Reading through the notes on this issue, I am somewhat unclear as to why Environment#getProperty is favored. At first glance, it would make more sense not to use the lower level and manual lookup but instead to just wire in properties directly, with @Value for instance (or in XML).
Also, regarding the context:property-placeholder - that does register the bean, so the argument about the performance penalty of having the bean in the context should apply to this case as well.
And lastly, I do think that the expectation of most users is to have property resolution working by default, especially once a new property source is defined, and especially seeing how in XML, it does work by default.
Thanks,
Eugen.

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@spring-issuemaster spring-issuemaster commented Feb 8, 2012

Chris Beams commented

Eugen,

The recommendation about using Environment#getProperty over @Value within @Configuration classes has several motivations:

  1. Decreased verbosity
    In all but the simplest situations, users will likely have not one, but many properties to replace. For example, a JDBC driver typically has four property values to inject. In the @Value style, you end up with four @Value annotations and four otherwise unnecessary fields:
@Value("${jdbc.driverClass}") String jdbcDriverClass;
@Value("${jdbc.url}") String jdbcUrl;
@Value("${jdbc.username}") String jdbcUsername;
@Value("${jdbc.password}") String jdbcPassword;

these values are of course then referenced within the @Bean method that creates and returns the JDBC DataSource.
Now on the other hand, injecting the Environment requires only one line of code in the @Configuration class:

@Inject Environment env;

and then calls to env.getProperty("jdbc.url"), etc are made within the @Bean method. This amounts to reduced verbosity, particularly when you have many properties to deal with.

  1. Imperative style
    The @Configuration approach is all about clarity, discoverability, type-safety, etc. Working against the Environment API directly removes a bit of magic (how "${...}" tokens are replaced), and generally fits with the imperative (vs. declarative) style favored by @Bean methods.
  2. Fewer moving parts
    As mentioned elsewhere in this thread, eliminating Property(Sources)PlaceholderConfigurer from the mix is a good thing, in that it is one fewer moving part to reason about. This has only minor benefit at the actual container performance level, but the cognitive benefit is more interesting -- it's simply one less thing to need to understand when working with the Spring container. Experienced Spring folks know PPC (and the whole BFPP approach) by heart; however folks newer to Spring do not. BFPP and friends arose in a Spring where configuration was dominated by XML. In code-based configuration, these components are much less necessary, given that the user has programmatic control once again.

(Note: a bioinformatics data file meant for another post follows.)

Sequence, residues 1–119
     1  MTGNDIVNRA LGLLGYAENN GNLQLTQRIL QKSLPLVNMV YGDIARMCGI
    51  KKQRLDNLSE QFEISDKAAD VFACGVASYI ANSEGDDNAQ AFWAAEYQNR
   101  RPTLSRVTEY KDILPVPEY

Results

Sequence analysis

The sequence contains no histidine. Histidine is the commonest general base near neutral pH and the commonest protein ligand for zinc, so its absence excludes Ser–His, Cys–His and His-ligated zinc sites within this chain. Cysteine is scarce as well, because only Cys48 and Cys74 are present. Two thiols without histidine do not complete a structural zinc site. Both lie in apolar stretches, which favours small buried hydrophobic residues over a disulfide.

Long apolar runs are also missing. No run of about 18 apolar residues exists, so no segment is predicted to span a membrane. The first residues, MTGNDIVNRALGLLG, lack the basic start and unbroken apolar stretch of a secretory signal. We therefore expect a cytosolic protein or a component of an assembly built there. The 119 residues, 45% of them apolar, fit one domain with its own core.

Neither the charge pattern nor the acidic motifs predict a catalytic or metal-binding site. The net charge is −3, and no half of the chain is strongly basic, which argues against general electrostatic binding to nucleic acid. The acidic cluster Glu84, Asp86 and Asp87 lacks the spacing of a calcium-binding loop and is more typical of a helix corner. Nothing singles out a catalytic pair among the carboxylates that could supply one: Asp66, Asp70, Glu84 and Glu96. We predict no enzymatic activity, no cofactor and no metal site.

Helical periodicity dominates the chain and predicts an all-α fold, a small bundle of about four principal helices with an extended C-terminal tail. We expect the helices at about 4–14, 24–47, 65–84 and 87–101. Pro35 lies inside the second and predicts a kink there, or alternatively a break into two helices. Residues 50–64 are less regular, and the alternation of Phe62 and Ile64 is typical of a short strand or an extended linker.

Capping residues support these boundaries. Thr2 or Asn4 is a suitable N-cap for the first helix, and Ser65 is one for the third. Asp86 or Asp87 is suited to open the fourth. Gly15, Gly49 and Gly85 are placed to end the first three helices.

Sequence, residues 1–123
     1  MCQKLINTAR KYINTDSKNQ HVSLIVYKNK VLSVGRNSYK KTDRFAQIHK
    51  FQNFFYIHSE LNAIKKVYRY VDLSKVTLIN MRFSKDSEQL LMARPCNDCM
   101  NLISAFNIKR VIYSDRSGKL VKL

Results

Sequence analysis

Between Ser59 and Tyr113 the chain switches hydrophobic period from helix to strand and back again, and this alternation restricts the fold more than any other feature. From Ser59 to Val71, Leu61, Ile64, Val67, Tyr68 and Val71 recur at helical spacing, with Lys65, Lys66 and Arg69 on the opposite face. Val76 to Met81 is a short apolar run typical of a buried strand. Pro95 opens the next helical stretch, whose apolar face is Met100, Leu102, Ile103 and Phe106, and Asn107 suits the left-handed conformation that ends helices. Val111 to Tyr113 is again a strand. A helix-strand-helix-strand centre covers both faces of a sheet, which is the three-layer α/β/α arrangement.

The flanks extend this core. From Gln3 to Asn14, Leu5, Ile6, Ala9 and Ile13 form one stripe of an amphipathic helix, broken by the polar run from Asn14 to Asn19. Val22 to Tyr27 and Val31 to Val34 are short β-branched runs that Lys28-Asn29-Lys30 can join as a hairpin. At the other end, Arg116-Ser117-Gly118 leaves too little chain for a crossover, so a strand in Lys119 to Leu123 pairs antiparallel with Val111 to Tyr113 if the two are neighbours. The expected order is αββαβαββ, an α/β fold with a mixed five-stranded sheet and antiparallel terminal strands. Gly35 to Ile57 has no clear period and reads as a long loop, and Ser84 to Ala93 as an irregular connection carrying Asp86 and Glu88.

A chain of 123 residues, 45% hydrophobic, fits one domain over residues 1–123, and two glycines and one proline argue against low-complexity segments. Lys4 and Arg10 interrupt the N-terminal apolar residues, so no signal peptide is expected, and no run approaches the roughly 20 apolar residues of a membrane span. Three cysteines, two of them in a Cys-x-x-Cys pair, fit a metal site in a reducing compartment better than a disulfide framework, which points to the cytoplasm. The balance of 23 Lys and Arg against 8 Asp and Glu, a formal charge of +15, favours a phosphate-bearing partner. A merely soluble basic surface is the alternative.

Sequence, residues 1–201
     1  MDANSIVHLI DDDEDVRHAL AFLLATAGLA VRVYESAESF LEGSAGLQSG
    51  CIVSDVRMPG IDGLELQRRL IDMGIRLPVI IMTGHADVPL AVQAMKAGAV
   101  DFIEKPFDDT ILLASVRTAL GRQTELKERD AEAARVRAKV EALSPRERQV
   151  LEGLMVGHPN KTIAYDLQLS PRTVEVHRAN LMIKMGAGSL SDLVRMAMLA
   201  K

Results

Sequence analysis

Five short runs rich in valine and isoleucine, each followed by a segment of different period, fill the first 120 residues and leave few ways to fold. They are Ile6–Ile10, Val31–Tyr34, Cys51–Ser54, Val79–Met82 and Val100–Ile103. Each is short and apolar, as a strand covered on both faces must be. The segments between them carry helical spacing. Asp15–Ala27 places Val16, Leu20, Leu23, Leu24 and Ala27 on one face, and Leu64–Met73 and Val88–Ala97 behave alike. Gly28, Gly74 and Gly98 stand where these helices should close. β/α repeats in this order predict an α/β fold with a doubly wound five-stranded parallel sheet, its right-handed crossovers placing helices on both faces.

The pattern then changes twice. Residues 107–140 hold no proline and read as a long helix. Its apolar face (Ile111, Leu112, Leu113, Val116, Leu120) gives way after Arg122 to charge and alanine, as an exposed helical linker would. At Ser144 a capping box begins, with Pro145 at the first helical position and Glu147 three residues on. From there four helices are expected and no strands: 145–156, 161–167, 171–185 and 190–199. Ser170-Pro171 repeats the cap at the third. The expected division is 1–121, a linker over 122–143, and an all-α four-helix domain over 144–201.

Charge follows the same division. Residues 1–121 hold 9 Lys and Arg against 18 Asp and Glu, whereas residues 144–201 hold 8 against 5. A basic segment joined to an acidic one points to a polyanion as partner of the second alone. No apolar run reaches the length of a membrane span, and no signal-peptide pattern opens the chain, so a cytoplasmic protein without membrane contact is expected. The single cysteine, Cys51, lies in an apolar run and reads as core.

3. Greater flexibility
    The Environment, via its PropertyResolver superinterface provides a wealth of methods that allow the user to express exactly what they want and need out of property resolution, including type conversion, default value fallbacks, getProperty vs getRequiredProperty variants that allow and disallow missing properties respectively, and so on. See the full list here: http://static.springsource.org/spring/docs/3.1.x/javadoc-api/org/springframework/core/env/PropertyResolver.html

Hope that helps!

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@spring-issuemaster spring-issuemaster commented Feb 8, 2012

Eugen Paraschiv commented

Yes, most of these make sense - it does require a bit of a shift in the mindset with which you're approaching configuration, which is fine. The only downside of making this choice, in my view, is that you're going against the behaviour that you would expect - meaning that you'd expect this to work out of the box and it won't. There is clearly good reason it doesn't - probably making the reference clear about why this is the way it is, and what the best practice is in this area would also be good.
Thanks for taking the time to cover this.

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@spring-issuemaster spring-issuemaster commented Oct 17, 2012

Andrey Rubtsov commented

For those cases when registering a PSPC is still not so bad idea, can it be done via some @Enable-style annotation provided by Spring?
Personally I think that PSPC @Bean looks slightly unnatural among app specific beans because it is related to Spring internals rather than carrying application component semantics.

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@spring-issuemaster spring-issuemaster commented Oct 20, 2012

Chris Beams commented

Andrey Rubtsov, feel free to create a new issue for this. We can see if it gets much in the way of interest, votes, etc. There's a fine line between what merits an @Enable annotation, and what calls for a simple @Bean definition. This may well fall into the former, but let's see. Thanks!

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@spring-issuemaster spring-issuemaster commented Oct 22, 2012

Andrey Rubtsov commented

Ok, created #14537.

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@spring-issuemaster spring-issuemaster commented Mar 28, 2017

Sam Brannen commented

FYI: this has effectively been superseded by #18712.